Brexit is not done yet. It probably never will be: there will never come a moment when the thorny question of how best to manage Britain’s relationship with its continental neighbours has been finally settled.
Right now one huge stumbling block is the threat of tariffs on electric cars, which looms in a matter of months. If the UK and EU cannot strike an agreement, tariffs of 10 per cent will shortly kick in on electric vehicles which cross from the continent to Britain or vice versa – that is to say, practically all of them. The extra cost is likely to total thousands of pounds per car.
Rishi Sunak’s Government wants to suspend the looming rules, which are designed to encourage the development of a car battery industry on both sides of the Channel, but Brussels has resisted so far.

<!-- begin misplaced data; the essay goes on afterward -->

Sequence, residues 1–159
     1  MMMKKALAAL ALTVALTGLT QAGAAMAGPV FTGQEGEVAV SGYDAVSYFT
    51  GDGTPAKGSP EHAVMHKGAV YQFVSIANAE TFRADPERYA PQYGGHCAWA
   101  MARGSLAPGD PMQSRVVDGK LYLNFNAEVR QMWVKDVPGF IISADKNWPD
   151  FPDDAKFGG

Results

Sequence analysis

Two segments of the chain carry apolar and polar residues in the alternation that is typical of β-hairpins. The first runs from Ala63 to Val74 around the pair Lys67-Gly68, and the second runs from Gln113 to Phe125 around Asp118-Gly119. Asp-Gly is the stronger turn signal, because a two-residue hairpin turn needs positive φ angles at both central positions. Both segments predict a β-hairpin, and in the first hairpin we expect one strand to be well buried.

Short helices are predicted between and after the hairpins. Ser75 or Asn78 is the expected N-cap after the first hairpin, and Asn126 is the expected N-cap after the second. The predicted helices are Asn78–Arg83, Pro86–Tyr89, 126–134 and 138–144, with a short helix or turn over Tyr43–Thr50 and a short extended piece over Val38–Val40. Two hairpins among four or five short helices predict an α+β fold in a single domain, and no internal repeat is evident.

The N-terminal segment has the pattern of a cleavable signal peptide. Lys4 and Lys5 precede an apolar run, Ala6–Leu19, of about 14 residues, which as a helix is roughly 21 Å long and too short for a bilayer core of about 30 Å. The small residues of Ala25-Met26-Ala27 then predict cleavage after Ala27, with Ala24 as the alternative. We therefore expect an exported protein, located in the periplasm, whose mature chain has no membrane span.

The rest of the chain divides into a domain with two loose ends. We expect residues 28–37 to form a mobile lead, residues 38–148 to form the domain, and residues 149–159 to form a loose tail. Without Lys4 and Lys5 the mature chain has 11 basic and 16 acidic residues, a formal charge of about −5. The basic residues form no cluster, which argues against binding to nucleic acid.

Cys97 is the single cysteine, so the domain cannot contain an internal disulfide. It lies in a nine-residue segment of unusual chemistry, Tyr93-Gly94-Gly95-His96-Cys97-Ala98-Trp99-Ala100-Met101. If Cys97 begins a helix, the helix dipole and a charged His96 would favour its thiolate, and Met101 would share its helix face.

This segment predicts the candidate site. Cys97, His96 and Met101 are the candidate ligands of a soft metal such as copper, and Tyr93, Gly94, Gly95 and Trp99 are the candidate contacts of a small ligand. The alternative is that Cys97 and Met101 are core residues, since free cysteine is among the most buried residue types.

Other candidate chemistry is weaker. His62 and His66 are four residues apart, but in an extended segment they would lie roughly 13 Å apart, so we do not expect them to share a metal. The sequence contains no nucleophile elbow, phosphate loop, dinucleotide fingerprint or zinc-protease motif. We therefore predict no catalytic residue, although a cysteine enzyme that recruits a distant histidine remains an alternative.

It is tempting, and partly reasonable, to pin all the problems with Brexit squarely on the UK, given that we voted to leave.
But in this instance, there is a strong case that EU authorities are being too stubborn for their own good. Even European car companies are begging Brussels to soften the blow.
There are reasons for optimism. Ministers believe that more and more EU member states are shifting to the British position, and a deal may be in sight.
This would be much-needed good news for Mr Sunak, who faces persistent political headwinds. The problem is that if he does score a win here, voters will not notice; not having suffered the consequences of the tariffs going ahead, they will not be grateful that they were cancelled.
This keeps happening. We have a Prime Minister whose main goals all amount to averting disaster, whether on the economy or the NHS or migration. And what is attractive about a vision that amounts only to “things won’t get worse”?